On 28 March 2017, the Royal Mint released the new 12-sided £1 coin. It will replace all round £1 coins by October when they will cease to be legal tender. Judging by the stir caused from the introduction of the new £5 polymer note, it‘s fair to say that the transition from paper to plastic hasn’t been as smooth as the government hoped. To avoid a similar situation from happening this time round, the government is urging businesses to begin preparing for the introduction of the new coin in advance.
The transition to plastic and the debut of the 12-sided £1 coin, however significant, will only affect traditional payment mechanisms and is unlikely to hinder the movement towards a cashless society.
According to the UK Payments Council, while cash was the most popular payment method in 2015, consumers are increasingly turning towards payment cards.
By 2025, payments using debit, credit or charge cards are forecasted to account for at least 50 per cent of all payments made in the UK according to Payments UK. Debit cards are expected to take over cash as the most frequently used method of payment in 2021 – a growth largely attributable to contactless payments. These now account for one in four card payments in the United Kingdom, according to the UK Cards Association.
The shift towards cashless transactions is largely driven by changing customer preferences and expectations arising from an increase in digital across all areas of life. The internet has wired consumers for instant gratification and the advances of Google, Amazon and Apple are reinforcing these expectations.
Customers are now demanding a faster shopping experience and that includes their payment method. According to the ACS Local Shop Report 2016, close to 80 per cent of customers still pay by cash at independent convenience stores, which is likely to change as the UK develops further into a predominantly card-based society.
Insights from the Local Shop Report 2016 reveal that while 41 per cent of all convenience stores now offer contactless and mobile payments compared to 33 per cent in 2015, it is likely that co-operatives and multiples will account for the majority of convenience stores offering contactless.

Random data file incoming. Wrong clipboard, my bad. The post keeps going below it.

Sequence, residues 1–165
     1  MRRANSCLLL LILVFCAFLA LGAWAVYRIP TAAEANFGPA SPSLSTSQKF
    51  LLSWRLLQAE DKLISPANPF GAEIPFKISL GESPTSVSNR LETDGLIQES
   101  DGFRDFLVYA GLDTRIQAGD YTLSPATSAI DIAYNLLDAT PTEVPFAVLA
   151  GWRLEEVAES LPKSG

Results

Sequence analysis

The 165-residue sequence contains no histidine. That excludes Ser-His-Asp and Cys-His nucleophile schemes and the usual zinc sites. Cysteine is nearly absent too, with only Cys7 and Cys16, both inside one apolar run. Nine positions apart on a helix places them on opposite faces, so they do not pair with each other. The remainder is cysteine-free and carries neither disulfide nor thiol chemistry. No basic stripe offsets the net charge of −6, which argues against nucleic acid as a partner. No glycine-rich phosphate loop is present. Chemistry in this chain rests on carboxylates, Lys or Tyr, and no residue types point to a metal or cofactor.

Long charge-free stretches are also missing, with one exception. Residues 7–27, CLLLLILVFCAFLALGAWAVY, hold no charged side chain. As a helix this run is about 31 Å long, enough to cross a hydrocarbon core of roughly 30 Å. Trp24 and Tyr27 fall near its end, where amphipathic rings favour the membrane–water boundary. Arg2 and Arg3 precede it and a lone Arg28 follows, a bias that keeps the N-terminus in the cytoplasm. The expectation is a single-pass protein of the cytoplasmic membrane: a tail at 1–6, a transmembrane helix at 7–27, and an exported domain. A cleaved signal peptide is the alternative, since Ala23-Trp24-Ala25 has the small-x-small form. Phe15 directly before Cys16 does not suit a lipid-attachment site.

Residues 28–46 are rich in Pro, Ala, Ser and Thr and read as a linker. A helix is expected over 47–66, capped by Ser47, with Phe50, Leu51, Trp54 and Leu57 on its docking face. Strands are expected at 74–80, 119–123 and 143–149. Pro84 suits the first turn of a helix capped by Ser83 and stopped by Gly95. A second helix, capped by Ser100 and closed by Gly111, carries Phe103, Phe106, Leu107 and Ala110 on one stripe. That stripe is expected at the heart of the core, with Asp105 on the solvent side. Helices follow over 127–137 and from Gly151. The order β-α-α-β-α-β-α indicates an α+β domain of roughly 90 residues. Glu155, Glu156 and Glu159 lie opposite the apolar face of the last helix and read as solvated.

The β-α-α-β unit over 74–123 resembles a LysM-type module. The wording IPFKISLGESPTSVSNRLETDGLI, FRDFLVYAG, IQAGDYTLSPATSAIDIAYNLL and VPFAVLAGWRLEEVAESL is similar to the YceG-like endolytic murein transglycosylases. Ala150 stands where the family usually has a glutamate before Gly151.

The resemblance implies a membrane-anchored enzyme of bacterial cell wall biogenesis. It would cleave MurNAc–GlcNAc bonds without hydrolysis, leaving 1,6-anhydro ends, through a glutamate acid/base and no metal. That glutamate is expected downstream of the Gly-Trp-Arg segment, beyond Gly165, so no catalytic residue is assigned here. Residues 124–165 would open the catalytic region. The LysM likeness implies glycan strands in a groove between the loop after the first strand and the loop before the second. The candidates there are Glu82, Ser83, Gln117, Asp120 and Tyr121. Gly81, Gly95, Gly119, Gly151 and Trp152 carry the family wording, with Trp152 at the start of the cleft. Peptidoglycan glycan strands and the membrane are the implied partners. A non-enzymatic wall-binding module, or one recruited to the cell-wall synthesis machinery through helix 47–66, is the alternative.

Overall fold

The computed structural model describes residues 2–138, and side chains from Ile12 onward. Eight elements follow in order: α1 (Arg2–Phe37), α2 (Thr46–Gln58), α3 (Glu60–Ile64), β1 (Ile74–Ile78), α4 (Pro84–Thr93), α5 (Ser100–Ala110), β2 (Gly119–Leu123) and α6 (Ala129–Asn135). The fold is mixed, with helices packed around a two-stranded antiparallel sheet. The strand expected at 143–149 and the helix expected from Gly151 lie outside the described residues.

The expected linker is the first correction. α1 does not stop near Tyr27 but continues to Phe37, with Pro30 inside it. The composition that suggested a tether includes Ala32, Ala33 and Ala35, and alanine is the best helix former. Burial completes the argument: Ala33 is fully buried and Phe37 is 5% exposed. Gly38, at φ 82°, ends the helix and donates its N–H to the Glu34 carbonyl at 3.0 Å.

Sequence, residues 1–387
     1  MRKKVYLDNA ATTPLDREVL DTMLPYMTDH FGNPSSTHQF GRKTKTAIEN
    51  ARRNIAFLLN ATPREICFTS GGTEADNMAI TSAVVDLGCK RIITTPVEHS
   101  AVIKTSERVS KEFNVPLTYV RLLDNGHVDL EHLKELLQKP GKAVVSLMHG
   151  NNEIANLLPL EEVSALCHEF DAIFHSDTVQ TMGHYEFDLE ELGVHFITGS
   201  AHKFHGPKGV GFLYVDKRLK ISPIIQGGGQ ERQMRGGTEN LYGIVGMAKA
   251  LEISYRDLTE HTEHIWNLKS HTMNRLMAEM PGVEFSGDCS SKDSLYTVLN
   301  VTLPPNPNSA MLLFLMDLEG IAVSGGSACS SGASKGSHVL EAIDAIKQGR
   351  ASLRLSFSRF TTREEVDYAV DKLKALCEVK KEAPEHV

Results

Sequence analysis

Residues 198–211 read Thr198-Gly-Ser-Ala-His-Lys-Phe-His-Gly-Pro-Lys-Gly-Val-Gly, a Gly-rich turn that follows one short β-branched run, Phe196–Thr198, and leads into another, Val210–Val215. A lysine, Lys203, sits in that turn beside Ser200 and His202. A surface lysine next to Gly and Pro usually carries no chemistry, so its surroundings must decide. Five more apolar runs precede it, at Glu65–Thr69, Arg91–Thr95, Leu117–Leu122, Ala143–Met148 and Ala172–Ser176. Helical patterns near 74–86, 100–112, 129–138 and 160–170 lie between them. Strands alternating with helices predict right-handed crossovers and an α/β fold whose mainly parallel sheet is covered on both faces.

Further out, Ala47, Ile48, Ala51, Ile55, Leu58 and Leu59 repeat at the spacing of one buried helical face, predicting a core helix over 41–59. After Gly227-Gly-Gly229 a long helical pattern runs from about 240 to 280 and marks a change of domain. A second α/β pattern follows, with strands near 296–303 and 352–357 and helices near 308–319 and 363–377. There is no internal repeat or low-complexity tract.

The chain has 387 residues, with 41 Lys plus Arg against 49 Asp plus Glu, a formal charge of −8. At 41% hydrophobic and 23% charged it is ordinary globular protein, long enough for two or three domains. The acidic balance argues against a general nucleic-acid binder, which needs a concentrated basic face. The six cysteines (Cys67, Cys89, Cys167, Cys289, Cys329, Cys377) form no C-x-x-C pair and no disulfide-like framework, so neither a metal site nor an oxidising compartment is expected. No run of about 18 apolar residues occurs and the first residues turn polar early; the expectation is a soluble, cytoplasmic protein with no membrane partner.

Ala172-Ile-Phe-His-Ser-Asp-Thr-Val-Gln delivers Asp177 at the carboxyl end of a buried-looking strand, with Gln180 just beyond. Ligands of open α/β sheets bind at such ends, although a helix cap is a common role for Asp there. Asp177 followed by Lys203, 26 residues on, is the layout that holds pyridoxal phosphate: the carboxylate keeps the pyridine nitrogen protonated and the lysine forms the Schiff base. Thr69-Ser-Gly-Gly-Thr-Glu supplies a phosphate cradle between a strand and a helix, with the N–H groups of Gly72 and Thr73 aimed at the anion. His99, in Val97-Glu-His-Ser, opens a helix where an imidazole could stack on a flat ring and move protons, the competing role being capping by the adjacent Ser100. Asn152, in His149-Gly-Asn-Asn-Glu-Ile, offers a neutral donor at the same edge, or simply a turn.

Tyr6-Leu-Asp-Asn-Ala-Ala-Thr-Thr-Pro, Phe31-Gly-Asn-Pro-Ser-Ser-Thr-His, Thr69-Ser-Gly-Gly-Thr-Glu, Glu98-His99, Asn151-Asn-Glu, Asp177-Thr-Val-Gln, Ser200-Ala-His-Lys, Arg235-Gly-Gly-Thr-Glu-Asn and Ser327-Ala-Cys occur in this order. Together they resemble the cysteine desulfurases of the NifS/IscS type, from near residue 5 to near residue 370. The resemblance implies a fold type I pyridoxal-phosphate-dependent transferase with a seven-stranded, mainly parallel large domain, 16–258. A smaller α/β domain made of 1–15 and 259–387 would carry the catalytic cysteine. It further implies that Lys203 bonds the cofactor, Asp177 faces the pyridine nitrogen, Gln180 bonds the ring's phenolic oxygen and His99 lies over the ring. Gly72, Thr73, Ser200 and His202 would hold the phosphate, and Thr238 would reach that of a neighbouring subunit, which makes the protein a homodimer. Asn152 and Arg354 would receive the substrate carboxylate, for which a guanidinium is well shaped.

With contactless payments fast becoming the primary payment method of choice for many, convenience stores and in particular independents, need to be aligned with their customers’ preferences or risk losing out on footfall and larger basket spend.
Retailers can rest assured that offering contactless payments does not have to mean a huge upfront cost. Those who can offer card payments should check if their card machine is capable of taking contactless payments as it might be a simple case of activating this functionality.
However with new technologies constantly emerging and the introduction of new payments-related legislation increasing competition in the market, the payments landscape is likely to look very different in five years’ time.
Changes in payments can make it difficult for retailers, particularly independents, to keep up. It is therefore critical for independents to choose payment technology providers such as PayPoint to help future proof their business and readily adapt to changes in the payments scene. PayPoint can offer both integrated card payments capabilities including contactless and mobile payments, as well as EPoS for convenience stores, through its latest state-of-the-art retail platform, PayPoint One.
Convenience stores need to be ready to reassess their payment options to ensure they are meeting consumer demands.
(A Retail Times’ sponsored article)